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dc.subjectlocal knowledgeeng
dc.titleUncover the Concealed Link: Gender & Ethnicity-Divided Local Knowledge on the Agro-Ecosystem of a Forest Margineng
dcterms.abstractThis research is a study about knowledge interface that aims to analyse knowledge discontinuities, the dynamic and emergent characters of struggles and interactions within gender system and ethnicity differences. The cacao boom phenomenon in Central Sulawesi is the main context for a changing of social relations of production, especially when the mode of production has shifted or is still underway from subsistence to petty commodity production. This agrarian change is not only about a change of relationship and practice, but, as my previous research has shown, also about the shift of knowledge domination, because knowledge construes social practice in a dialectical process. Agroecological knowledge is accumulated through interaction, practice and experience. At the same time the knowledge gained from new practices and experiences changes mode of interaction, so such processes provide the arena where an interface of knowledge is manifested. In the process of agro-ecological knowledge interface, gender and ethnic group interactions materialise in the decision-making of production and resource allocation at the household and community level. At this point, power/knowledge is interplayed to gain authority in decision-making. When authority dominates, power encounters resistance, whereas the dominant power and its resistance are aimed to ensure socio-economic security. Eventually, the process of struggle can be identified through the pattern of resource utilisation as a realisation of production decision-making. Such processes are varied from one community to another, and therefore, it shows uniqueness and commonalities, especially when it is placed in a context of shifting mode of production. The focus is placed on actors: men and women in their institutional and cultural setting, including the role of development agents. The inquiry is informed by 4 major questions: 1) How do women and men acquire, disseminate, and utilise their agro ecological knowledge, specifically in rice farming as a subsistence commodity, as well as in cacao farming as a petty commodity? How and why do such mechanisms construct different knowledge domains between two genders? How does the knowledge mechanism apply in different ethnics? What are the implications for gender and ethnicity based relation of production? ; 2) Using the concept of valued knowledge in a shifting mode of production context: is there any knowledge that dominates others? How does the process of domination occur and why? Is there any form of struggle, strategies, negotiation, and compromise over this domination? How do these processes take place at a household as well as community level? How does it relate to production decision-making? ; 3) Putting the previous questions in two communities with a different point of arrival on a path of agricultural commercialisation, how do the processes of struggle vary? What are the bases of the commonalities and peculiarities in both communities?; 4) How the decisions of production affect rice field - cacao plantation - forest utilisation in the two villages? How does that triangle of resource use reflect the constellation of local knowledge in those two communities? What is the implication of this knowledge constellation for the cacao-rice-forest agroecosystem in the forest margin area? Employing a qualitative approach as the main method of inquiry, indepth and dialogic interviews, participant observer role, and document review are used to gather information. A small survey and children’s writing competition are supplementary to this data collection method. The later two methods are aimed to give wider information on household decision making and perception toward the forest. It was found that local knowledge, particularly knowledge pertaining to rice-forest-cacao agroecology is divided according to gender and ethnicity. This constellation places a process of decision-making as ‘the arena of interface’ between feminine and masculine knowledge, as well as between dominant and less dominant ethnic groups. Transition from subsistence to a commercial mode of production is a context that frames a process where knowledge about cacao commodity is valued higher than rice. Market mechanism, as an external power, defines valued knowledge. Valued knowledge defines the dominant knowledge holder, and decision. Therefore, cacao cultivation becomes a dominant practice. Its existence sacrifices the presence of rice field and the forest. Knowledge about rice production and forest ecosystem exist, but is less valued. So it is unable to challenge the domination of cacao. Various forms of struggles - within gender an ethnicity context - to resist cacao domination are an expression of unequal knowledge possession. Knowledge inequality implies to unequal access to withdraw benefit from market valued crop. When unequal knowledge fails to construct a negotiated field or struggles fail to reveal ‘marginal’ decision, e.g. intensification instead of cacao expansion to the forest, interface only produces divergence. Gender and ethnicity divided knowledge is unabridged, since negotiation is unable to produce new knowledge that accommodates both interests. Rice is loaded by ecological interest to conserve the forest, while cacao is driven by economic interest to increase welfare status. The implication of this unmediated dominant knowledge of cacao production is the construction of access; access to the forest, mainly to withdraw its economic benefit by eliminating its ecological benefit. Then, access to cacao as the social relationship of production to acquire cacao knowledge; lastly, access to defend sustainable benefit from cacao by expansion. ‘Socio-economic Security’ is defined by Access. The convergence of rice and cacao knowledge, however, should be made possible across gender and ethnicity, not only for the sake of forest conservation as the insurance of ecological security, but also for community’s socio-economic security. The convergence might be found in a range of alternative ways to conduct cacao sustainable production, from agroforestry system to intensification.eng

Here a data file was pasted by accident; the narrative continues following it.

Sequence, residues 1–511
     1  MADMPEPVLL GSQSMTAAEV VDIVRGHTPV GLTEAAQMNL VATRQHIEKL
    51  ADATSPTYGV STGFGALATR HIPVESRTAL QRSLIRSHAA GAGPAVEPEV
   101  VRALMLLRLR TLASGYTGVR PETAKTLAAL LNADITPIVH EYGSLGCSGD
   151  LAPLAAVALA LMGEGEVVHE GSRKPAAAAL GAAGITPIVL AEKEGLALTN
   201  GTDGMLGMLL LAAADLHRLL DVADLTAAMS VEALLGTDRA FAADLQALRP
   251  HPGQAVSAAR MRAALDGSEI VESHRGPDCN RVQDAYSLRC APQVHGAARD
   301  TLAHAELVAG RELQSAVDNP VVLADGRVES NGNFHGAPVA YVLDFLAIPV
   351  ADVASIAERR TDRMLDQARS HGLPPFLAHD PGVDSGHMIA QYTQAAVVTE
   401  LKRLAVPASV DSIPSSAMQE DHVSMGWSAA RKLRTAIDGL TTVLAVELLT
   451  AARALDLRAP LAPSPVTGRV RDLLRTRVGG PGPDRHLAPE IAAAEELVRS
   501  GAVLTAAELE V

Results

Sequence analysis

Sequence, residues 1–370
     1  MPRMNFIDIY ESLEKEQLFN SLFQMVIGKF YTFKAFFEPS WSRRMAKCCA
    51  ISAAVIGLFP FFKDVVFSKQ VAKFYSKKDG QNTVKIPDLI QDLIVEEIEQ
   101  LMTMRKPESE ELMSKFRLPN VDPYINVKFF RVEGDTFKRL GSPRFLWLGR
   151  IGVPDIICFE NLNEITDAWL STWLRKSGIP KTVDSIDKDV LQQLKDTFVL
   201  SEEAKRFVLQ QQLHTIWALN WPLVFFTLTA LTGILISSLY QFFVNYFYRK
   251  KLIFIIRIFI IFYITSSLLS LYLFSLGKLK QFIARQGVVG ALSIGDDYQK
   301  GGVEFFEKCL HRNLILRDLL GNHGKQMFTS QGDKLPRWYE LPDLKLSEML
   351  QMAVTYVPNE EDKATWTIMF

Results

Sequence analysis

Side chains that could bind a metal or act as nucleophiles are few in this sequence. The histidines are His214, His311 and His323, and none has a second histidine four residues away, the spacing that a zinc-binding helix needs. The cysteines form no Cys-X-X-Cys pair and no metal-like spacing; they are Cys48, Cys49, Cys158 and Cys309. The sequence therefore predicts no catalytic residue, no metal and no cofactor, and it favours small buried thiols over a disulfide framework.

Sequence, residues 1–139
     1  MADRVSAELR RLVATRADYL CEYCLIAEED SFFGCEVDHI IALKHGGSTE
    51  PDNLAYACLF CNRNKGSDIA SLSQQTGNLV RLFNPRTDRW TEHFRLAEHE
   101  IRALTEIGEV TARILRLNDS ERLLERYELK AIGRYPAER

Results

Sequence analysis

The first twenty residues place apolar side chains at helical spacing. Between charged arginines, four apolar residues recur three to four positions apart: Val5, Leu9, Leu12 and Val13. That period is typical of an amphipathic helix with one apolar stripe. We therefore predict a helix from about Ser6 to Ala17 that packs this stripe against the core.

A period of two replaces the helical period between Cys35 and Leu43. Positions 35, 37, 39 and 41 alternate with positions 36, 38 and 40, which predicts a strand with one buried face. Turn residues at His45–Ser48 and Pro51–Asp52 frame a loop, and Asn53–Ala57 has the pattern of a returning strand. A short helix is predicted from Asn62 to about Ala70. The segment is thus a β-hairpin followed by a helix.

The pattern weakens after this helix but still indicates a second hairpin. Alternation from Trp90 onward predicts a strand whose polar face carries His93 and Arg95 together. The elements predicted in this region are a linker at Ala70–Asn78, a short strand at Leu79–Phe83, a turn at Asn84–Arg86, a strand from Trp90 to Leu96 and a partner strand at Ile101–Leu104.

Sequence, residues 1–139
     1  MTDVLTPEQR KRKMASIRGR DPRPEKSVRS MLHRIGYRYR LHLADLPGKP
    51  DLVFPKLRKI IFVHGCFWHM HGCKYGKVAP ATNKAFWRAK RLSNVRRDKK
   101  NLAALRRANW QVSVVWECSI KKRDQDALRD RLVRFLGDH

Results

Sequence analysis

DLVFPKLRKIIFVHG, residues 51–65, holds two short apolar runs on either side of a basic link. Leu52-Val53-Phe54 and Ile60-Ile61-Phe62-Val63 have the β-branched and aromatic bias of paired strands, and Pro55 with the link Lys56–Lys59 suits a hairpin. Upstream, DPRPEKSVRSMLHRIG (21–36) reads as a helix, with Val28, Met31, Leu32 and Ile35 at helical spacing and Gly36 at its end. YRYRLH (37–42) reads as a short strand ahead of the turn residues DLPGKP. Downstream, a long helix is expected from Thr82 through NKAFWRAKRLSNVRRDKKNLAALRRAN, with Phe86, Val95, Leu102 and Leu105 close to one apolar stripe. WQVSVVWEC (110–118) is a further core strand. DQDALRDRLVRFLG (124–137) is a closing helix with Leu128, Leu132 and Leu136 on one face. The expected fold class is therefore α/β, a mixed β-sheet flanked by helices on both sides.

dcterms.accessRightsopen access
dcterms.alternativeA Case Study of Kulawi and Palolo Local Knowledge in Central Sulawesi, Indonesiaeng
dcterms.creatorSavitri, Laksmi Adriani
dc.contributor.corporatenameKassel, Universität, FB 11, Ökologische Agrarwissenschaften
dc.contributor.refereeFremerey, Michael (Prof. Dr.)
dc.contributor.refereeTrossbach, Werner (apl. Prof. Dr.)
dc.contributor.refereeTjondronegoro, Sediono M. P. (Prof. Dr., Beratender Gutachter, Bogor Agriculture Univ.)
dc.subject.swdLokales Wissenger